As previously mentioned, three types of goal frames seem to have evolved for human beings and govern behaviour, according to the goal-framing theory: The hedonic goal frame, normative goal frame, and gain goal frame (Lindenberg & Steg, 2013). Each of the goal frames organises cognitions and evaluations in an interchangeable way, selectively activate learned components, and influence what an individual perceives and how one will act (Steg & Vlek, 2009).

Hedonic goal-frame[edit | edit source]

The first type of goal frame is the hedonic goal frame. A hedonic goal frame activates one or more subgoals to improve one’s feelings in a particular situation (Lindenberg & Steg, 2013). This goal-frame is associated with behaviours like avoidance of effort and painful feelings, pleasure seeking, looking for excitement, or seeking direct improvement in self-esteem (Steg et al., 2007). People in a hedonic goal frame consider their goal achieved when the way they feel improved and are specifically sensitive to opportunities that increase their pleasure, satisfy their needs, and affect their mood (Steg et al., 2007).

Gain goal-frame[edit | edit source]

The second type of goal frame, according to the goal-framing theory, is the gain goal frame. A gain goal frame activates one or more subgoals that focus on the protection and the improvement of one’s resources or one’s efficiency of resources (Lindenberg & Steg, 2007). Subgoals associated with this goal-frame include saving money, increasing one’s income and protecting one’s financial security (Lindenberg & Steg, 2007).  Furthermore, individuals in a gain goal frame are exhibiting particular behaviours, such as acting strategically, making plans, as well as investing in one’s own future self and show an enhanced sensitivity towards changes in one’s personal resources, such as money and status (Lindenberg & Steg, 2013; Steg et al., 2014).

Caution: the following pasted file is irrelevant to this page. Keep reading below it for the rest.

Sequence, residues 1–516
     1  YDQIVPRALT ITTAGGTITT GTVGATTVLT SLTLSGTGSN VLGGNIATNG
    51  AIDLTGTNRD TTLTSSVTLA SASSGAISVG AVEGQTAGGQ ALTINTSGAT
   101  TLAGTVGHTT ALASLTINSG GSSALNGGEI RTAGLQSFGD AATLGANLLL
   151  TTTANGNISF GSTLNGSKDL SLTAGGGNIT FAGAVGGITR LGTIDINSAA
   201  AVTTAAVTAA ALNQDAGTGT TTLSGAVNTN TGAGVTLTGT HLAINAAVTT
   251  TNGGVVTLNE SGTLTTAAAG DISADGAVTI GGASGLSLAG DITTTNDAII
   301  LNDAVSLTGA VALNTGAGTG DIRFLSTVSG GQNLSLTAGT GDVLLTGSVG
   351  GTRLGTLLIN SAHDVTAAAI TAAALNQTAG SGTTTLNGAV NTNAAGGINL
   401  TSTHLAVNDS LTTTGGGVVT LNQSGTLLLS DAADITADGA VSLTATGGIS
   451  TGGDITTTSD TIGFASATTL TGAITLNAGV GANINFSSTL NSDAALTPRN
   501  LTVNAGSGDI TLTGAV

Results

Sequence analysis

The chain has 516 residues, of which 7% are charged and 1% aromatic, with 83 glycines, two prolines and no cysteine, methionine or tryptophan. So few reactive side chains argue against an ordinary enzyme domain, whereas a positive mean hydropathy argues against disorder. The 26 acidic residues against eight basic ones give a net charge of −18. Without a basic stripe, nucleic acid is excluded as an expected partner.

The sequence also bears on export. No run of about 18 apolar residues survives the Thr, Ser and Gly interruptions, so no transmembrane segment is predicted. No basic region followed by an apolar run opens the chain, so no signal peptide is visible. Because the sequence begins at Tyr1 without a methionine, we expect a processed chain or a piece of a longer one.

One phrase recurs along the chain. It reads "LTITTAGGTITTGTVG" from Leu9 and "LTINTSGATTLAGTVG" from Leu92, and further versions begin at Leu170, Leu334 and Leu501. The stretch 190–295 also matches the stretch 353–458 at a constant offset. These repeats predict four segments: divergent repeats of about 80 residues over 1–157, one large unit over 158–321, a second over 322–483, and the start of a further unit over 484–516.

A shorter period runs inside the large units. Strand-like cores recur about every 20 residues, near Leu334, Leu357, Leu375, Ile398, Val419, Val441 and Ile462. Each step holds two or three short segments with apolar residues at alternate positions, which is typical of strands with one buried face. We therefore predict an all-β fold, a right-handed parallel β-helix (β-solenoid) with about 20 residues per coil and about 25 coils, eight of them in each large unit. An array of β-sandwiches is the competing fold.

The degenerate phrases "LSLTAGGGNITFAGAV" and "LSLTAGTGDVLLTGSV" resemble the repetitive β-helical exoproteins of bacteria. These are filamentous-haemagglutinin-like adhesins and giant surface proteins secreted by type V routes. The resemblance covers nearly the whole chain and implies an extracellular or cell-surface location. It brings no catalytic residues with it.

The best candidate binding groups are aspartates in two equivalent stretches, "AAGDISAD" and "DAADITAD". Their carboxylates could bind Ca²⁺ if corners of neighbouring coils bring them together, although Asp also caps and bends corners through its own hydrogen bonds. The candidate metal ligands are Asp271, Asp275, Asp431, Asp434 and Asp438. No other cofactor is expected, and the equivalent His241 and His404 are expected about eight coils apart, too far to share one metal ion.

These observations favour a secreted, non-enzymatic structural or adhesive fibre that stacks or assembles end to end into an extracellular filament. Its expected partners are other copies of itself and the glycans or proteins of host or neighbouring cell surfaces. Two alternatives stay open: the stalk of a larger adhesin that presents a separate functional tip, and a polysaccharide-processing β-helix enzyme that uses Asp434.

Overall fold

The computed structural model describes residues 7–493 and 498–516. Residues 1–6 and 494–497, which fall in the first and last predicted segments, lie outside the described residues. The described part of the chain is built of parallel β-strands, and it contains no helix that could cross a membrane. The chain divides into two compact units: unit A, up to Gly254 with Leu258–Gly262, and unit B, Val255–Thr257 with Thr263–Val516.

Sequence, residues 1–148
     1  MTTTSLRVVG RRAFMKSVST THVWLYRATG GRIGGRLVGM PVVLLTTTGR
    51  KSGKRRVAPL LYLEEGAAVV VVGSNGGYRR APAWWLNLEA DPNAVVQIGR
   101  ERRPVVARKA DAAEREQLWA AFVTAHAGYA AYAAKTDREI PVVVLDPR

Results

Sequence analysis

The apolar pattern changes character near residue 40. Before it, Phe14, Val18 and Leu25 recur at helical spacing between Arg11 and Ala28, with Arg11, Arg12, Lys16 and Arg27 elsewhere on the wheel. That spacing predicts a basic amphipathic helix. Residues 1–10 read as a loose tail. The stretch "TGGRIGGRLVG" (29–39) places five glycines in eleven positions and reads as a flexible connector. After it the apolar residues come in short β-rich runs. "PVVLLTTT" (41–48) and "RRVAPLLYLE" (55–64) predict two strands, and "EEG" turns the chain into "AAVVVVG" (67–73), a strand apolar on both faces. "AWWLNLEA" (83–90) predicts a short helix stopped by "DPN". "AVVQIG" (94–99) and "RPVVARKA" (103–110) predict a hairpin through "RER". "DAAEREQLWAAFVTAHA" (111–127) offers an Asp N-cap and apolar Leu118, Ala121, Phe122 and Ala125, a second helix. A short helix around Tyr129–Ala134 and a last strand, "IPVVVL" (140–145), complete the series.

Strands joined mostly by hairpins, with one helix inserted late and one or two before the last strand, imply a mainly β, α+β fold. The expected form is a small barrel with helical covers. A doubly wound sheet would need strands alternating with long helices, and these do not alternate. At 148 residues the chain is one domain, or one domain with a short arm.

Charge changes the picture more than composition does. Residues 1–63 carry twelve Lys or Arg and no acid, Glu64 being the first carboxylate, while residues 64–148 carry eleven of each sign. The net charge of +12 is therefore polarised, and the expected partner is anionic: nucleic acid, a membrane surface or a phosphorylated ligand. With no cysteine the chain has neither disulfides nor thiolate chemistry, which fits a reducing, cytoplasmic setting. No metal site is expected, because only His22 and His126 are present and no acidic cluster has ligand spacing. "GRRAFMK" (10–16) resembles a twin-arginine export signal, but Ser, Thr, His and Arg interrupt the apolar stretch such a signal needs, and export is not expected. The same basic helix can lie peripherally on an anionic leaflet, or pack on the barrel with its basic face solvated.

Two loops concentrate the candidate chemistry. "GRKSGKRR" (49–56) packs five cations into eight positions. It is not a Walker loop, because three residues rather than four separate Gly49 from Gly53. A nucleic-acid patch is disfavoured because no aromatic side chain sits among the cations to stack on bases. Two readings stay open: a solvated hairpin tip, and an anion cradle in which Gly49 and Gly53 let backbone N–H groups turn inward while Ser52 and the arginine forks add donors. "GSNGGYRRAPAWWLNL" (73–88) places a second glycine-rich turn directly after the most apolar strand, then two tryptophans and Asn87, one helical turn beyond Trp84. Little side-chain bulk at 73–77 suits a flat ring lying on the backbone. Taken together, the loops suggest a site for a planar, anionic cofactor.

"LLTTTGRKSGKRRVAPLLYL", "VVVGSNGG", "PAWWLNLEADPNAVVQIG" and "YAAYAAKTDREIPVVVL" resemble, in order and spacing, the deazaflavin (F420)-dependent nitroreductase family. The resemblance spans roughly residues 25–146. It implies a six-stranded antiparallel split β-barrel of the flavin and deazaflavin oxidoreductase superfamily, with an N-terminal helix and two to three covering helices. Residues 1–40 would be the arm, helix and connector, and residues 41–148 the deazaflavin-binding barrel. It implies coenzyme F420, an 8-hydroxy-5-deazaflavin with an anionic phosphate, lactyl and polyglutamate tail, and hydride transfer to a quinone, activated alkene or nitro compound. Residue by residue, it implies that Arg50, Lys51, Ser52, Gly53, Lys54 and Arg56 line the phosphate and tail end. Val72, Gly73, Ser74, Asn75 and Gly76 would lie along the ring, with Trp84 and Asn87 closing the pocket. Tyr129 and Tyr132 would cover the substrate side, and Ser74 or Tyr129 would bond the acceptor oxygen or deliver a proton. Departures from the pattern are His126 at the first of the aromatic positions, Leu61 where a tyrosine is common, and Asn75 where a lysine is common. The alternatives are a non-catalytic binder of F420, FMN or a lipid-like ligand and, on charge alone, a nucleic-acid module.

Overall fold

Normative goal-frame[edit | edit source]

The third and last goal frame is the normative goal frame. A normative goal frame activates all kinds of subgoals associated with appropriateness of one’s actions, including behaving in the right way, demonstrating exemplary behaviour, or contributing to a clean environment (Steg et al., 2014). Consequently, individuals in a normative goal frame show an enhanced sensitivity towards what they think they are ought to do, pay attention to public interests and are driven by altruistic motivations, following social expectations and moral standards (Yang et al., 2020; Lindenberg & Steg, 2007).